Archive for January, 2010

Artisans at work in Siem Reap

Thursday, January 7th, 2010
Woodwork carving requires a steady hand

Woodwork carving requires a steady hand

If you haven’t visited the Angkor Silk Farm at Puok, some 16kms west of Siem Reap, we recommend you do it now. Hanuman can take you on a guided tour, provided by Artisans d’Angkor, through the silk-making process step by step, from the cultivation of mulberry trees that feed the silkworms, to removing the silk thread from the cocoons and then the natural dyeing and weaving of the silk into the gorgeous end products you can see for sale in their shop outlets. They even have a silk museum, shop and cafe on-site. We’ll also take you to the Artisans d’Angkor Chantiers-Ecoles craft workshops in the middle of Siem Reap where you can see master craftsmen at work with stone, metal, wood, lacquer and silk painting. You’ve all seen the artistry in the boutiques and shops, so take a step back and see the process from the beginning, to fully understand the craftsmanship that goes into the final product. Artisans d’Angkor now employ over 1,000 Cambodian staff and are a major success story, so come and see for yourself. The tour makes a very interesting diversion from your exploration of the Angkor temples – please contact us for more information.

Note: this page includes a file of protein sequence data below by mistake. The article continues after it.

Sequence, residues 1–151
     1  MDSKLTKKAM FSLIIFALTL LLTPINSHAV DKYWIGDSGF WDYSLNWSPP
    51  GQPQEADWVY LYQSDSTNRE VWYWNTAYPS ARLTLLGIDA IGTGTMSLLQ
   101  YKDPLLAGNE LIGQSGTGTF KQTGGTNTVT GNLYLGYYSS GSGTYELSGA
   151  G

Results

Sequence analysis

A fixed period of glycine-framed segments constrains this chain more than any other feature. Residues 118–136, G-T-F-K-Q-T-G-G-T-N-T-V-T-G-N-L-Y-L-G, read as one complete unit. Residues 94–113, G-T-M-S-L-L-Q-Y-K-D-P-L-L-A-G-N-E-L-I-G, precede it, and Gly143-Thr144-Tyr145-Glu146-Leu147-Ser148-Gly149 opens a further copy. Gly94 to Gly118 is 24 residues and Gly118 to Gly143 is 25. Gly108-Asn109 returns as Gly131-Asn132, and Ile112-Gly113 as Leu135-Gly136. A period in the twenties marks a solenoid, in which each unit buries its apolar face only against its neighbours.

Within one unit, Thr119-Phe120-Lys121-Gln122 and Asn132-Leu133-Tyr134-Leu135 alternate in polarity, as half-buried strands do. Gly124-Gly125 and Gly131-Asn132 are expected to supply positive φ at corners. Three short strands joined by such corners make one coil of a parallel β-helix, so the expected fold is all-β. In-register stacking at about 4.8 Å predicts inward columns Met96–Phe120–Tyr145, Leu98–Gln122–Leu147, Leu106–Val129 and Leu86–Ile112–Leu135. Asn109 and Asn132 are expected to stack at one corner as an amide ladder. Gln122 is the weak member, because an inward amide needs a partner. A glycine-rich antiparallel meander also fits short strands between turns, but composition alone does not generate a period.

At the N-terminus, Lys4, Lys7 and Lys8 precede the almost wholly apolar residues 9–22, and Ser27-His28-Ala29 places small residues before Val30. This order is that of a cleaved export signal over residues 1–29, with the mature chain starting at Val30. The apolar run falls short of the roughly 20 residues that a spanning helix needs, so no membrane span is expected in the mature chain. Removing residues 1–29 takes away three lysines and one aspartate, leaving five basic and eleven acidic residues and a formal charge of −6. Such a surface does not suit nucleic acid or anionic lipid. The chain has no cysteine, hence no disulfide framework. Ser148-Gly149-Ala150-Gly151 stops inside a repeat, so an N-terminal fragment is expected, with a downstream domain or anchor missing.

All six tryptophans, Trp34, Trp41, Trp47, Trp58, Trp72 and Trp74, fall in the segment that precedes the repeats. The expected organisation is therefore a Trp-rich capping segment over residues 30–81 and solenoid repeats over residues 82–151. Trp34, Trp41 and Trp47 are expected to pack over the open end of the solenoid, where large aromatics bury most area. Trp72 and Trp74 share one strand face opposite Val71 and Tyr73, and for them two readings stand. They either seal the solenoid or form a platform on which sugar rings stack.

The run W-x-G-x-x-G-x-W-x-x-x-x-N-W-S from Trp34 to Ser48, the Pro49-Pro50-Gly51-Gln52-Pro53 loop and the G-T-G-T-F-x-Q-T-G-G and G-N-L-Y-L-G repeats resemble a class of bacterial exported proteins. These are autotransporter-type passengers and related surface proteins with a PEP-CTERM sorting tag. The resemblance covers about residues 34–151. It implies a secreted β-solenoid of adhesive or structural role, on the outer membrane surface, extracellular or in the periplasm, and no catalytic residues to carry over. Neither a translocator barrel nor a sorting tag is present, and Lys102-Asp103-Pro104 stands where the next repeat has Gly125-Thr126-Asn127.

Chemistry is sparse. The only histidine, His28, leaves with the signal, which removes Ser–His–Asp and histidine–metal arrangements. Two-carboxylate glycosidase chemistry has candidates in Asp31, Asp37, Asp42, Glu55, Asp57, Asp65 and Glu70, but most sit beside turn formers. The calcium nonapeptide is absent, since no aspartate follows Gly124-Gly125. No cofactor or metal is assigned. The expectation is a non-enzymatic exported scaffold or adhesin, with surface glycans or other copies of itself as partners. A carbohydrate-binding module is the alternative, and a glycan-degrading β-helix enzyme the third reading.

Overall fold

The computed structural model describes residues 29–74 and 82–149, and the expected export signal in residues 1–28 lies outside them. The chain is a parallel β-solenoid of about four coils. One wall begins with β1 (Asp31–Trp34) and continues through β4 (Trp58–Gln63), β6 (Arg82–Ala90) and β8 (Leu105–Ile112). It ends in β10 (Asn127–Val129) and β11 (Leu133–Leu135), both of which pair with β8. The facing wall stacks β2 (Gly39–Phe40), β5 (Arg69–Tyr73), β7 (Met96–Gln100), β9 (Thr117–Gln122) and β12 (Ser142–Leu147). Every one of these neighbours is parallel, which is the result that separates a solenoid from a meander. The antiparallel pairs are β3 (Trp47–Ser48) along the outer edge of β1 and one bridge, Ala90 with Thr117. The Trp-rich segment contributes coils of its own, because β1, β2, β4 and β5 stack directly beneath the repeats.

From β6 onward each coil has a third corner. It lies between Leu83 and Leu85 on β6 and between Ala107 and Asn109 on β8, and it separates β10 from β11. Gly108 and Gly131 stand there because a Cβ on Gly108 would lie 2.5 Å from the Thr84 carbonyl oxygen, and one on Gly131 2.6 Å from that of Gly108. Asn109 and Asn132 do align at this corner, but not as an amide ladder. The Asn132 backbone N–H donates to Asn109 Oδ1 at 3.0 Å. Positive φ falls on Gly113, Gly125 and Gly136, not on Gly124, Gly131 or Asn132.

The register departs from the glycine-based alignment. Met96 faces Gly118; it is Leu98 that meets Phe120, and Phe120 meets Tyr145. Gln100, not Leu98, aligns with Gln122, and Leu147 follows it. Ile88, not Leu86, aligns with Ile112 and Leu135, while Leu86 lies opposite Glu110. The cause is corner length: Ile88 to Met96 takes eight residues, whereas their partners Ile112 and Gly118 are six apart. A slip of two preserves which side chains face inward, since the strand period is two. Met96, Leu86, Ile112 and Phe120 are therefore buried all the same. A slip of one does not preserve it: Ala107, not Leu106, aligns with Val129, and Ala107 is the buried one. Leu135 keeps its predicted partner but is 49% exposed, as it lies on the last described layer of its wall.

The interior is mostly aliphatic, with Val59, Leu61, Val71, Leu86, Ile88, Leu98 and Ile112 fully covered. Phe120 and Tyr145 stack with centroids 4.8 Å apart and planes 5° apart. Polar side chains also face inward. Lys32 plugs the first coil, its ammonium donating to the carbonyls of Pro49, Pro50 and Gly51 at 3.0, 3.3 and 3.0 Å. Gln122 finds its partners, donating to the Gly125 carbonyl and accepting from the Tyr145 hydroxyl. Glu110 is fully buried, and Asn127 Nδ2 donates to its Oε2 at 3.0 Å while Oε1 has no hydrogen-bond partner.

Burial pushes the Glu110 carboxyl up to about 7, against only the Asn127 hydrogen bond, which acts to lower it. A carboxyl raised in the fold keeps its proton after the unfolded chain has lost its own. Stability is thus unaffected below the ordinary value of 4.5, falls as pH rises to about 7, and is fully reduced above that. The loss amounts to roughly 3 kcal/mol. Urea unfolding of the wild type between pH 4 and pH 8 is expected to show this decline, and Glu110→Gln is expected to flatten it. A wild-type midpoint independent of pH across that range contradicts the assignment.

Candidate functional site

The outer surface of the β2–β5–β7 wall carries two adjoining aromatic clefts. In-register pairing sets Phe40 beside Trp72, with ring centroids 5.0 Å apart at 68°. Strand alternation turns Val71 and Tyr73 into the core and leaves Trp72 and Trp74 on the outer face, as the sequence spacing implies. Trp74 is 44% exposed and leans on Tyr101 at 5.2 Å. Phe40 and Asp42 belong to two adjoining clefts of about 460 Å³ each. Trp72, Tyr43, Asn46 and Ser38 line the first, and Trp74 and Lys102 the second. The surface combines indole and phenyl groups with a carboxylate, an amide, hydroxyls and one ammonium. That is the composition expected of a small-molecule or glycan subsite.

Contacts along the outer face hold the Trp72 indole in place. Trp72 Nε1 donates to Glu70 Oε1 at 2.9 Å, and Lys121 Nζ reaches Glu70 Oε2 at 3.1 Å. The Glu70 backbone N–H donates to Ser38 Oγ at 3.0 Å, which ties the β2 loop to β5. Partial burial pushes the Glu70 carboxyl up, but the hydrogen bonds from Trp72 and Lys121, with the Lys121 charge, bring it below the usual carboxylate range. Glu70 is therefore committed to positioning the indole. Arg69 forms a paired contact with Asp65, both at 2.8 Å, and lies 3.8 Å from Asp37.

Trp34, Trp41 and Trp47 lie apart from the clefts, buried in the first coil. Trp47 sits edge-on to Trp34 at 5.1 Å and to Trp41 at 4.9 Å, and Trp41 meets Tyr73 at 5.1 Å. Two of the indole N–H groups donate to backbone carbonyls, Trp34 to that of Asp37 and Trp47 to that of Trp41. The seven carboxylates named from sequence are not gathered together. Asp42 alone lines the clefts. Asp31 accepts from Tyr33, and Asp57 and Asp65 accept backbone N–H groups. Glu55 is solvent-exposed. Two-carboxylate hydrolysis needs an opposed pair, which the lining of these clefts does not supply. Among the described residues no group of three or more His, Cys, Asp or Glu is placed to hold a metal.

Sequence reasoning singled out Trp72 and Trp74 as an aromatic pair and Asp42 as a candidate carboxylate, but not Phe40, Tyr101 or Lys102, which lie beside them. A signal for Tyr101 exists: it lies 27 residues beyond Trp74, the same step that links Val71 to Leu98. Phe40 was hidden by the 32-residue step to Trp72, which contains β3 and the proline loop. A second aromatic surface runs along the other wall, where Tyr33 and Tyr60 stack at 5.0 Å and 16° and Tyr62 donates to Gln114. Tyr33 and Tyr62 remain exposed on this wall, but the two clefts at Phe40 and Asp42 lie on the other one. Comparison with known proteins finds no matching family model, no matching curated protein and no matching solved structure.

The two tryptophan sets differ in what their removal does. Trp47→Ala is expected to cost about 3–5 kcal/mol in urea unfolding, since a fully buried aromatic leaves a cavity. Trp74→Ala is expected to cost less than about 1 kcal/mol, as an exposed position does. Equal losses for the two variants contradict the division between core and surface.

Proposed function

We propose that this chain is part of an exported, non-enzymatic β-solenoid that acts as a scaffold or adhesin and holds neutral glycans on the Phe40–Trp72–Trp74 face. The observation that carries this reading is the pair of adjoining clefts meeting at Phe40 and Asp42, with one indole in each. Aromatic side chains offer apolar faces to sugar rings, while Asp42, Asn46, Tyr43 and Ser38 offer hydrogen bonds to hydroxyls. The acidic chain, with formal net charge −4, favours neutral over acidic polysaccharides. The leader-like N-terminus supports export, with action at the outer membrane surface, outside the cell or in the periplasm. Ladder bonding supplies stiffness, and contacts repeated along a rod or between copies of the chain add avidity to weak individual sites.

A step nearer the Gods – Angkor Wat re-opens

Thursday, January 7th, 2010
The stairway to the top of Angkor Wat

The stairway to the top of Angkor Wat

News just in. Visitor access to the top level of Angkor Wat will begin again on 15 January 2010. The Apsara Authority (AA) have announced that access will be strictly limited to 100 people at any one time and they will be closely monitored by AA staff with visits lasting only 20 or 30 minutes max. There are other restrictions like no under-12s, you must dress respectfully, only English-speaking guides will be allowed and so on. This access will be for 1 month to assess how the management control of visitors is working. Access to the top level of Angkor Wat, the area is known as Bakan, has been out of bounds for visitors since October 2007 and during that time restoration efforts by Khmer, German and Italian teams have been on-going. Their work will soon be seen again by the lucky ones who are prepared to queue for access to the top. In the 12th century, when the temple was constructed, only the King and his highest-ranking officials were allowed access to the upper level and the steps were particularly steep to emphasize the fact that the location was the closest you could get to the Gods.